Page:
Search
  • Rebecca Drew

The Sun is Setting on this Journal (for just a bit)

It is time for the sun to set on the Floramont Journal for a bit. While Floramont will continue to exist, this journal will pause for the rest of Autumn 2021. This photo, literally and figuratively, represents a pause in searching for roots in Québec and Acadia by landing right here in the South. Ironically, the mountain in the distance is part of the Appalachian Mountains which begin in Québec before winding through the Southern United States.

Virginia mountain sunset

While my French-Canadian great-grandfather landed much further west (as in Napa, California), I am back on the East Coast, and I was born not too far from that mountain in the distance. Whenever I ask questions about the French-Canadian side of the family, it's just a shrug of the shoulders with a few tidbits here and there. When I share what I've learned about the fascinating culture of Québec and Acadia, I hear sighs and questions about why I find it so interesting. When I talk about translating a historical document from the vast archives, there is yet more sighing and exasperation.


If I asked my great-grandfather what he thought, I really believe he would say, "Just be happy. Don't over-analyze it. Look to the future." This doesn't mean I can't pick up a book and fascinate myself for a few minutes. It just means I won't waste anyone else's time. Then I think about that dream I had several months ago. I was looking through a drawer, and I discovered a tiny frame with a little sketch of two male mice in a cozy living room. One was looking up from a newspaper while wearing glasses, and the other one was facing him. The frame consisted of two gold lions flanking each side of the sketch, along with the year 1922 in tiny print at the bottom. Then, I turned over the frame, and I could hardly read the faded pencil. It was something like this in cursive French writing: ".......frére....de rien...." Most of the words were faded, so I could not read the entire sentence.


When I woke up from the dream, I knew I had to remember that year. When I had a chance to translate the words, it appeared to say "....brother....nothing...." Again, most of the words were faded. I took this to mean that the French language was fading from the family, and perhaps the mouse in glasses represented my great-great grandfather who stayed in Maine while his son, my great-grandfather, headed to California. Perhaps the other mouse was my great-great grandfather's brother who also remained in Maine. Although there were many other brothers, I suspect it was the one with whom he maintained close personal and business ties. Were they lamenting the loss of French-Canadian culture for the next generation?


Anyway, I went back to the frame's mysterious etching of the year 1922. Looking through paperwork, I found my great-grandfather's marriage certificate from California. Guess what? He was married the following year in 1923. I have no idea when my great-grandfather left for the west coast, but I know he was in Maine for the 1920 Census. When did he leave? When did his father learn his son was marrying an Irish-American woman clear across the continent?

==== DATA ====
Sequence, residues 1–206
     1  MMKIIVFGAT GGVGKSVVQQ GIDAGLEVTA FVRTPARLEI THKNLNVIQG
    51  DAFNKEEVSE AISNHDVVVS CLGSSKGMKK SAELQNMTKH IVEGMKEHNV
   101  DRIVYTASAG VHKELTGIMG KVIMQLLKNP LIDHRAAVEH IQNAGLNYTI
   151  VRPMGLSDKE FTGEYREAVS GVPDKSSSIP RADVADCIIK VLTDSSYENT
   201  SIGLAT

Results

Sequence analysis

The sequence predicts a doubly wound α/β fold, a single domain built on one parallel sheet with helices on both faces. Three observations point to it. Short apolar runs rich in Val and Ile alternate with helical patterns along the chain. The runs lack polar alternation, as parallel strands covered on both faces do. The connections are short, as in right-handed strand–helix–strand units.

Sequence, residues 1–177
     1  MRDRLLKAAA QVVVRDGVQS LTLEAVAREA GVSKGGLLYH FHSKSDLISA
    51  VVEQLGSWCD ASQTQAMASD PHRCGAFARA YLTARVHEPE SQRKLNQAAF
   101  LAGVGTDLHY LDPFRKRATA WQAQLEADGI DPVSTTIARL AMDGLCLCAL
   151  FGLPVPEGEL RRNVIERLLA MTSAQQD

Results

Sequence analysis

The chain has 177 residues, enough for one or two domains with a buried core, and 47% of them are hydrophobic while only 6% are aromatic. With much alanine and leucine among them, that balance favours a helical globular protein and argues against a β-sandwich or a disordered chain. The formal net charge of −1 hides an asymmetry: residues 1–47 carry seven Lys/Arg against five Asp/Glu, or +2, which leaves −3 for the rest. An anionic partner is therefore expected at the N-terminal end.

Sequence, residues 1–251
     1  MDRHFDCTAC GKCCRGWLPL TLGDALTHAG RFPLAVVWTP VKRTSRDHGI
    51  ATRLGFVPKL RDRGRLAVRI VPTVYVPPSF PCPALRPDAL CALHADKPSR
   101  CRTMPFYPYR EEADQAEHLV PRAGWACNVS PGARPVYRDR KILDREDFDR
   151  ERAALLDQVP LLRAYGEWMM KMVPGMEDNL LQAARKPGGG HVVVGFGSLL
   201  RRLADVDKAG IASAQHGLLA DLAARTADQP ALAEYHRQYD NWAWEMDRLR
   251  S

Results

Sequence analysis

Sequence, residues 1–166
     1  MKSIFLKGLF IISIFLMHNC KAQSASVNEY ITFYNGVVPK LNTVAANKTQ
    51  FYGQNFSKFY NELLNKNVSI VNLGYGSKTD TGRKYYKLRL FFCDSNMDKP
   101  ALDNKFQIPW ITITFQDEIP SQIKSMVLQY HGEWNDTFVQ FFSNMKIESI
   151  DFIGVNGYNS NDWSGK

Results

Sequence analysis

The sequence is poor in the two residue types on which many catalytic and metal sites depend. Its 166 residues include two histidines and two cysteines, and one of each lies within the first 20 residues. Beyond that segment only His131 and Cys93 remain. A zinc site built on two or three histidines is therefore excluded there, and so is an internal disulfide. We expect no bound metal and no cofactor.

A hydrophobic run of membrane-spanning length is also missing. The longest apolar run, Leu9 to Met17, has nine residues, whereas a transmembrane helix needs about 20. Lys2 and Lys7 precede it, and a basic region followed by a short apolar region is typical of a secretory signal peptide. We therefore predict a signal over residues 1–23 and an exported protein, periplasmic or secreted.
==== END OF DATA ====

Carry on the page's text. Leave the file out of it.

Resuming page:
You see, I have interpreted this dream as an indication of concern for losing the language and culture of Québec and Acadia. The lions flanking the frame may represent the British culture invading the French-Canadian culture. Can this be prevented? Can the descendants in the United States regain what was lost? Yes, of course. I believe they can, but it requires a lot of effort, and they may not regain all of it, just parts, and that's worthwhile to pursue. Also, it would help if they would welcome "outsiders" into their circles. All because I live in the South, a few generations away from my French-Canadian ancestor, does not mean I have nothing to share with descendants in New England. All because my ancestor left New England does not mean that I do not sympathize with the problems encountered by those who stayed, such as the English language mandates. Meanwhile, is it worthwhile for me to tell others within my circle, even the ones who have ancestors from these areas? So far, the answer is looking like a resounding "no."


Why the grim prognosis? When I reach out to fellow descendants within the United States, they mostly ignore me. There is no sustained interest on their part, even if they act like they are trying to hold onto their heritage for dear life. However, the few times I have contacted people in Québec, they reply with kindness and interest. Why the difference? I get the impression I'm not "pure laine" enough for many of the ones in the United States, meaning "pure wool," an expression denoting 100% French-Canadian ancestry. Well, excusez-moi.


Can you tell that I'm upset about the lack of enthusiasm for something I hold hold dear to my heart? Going back to what I think my great-grandfather would say, I can't help but take a lesson from his own behavior, the way he fully embraced being an American. I believe he would say, "Get on with it." Some may see that as an Anglo viewpoint, but shouldn't we embrace the good aspects of other cultures? Besides, what is more important? Knowing how to speak French, or simply being a good listener within your own language? I am choosing to focus on others within my circle. If they are not interested in learning about something, then it's wrong to keep babbling about it. Shouldn't we seek the interests of others as an act of kindness? This is the real lesson I am learning from my French-Canadian ancestors. It's how you interact with people that matters.


So with that, I bid you adieu.


Return to the Floramont Journal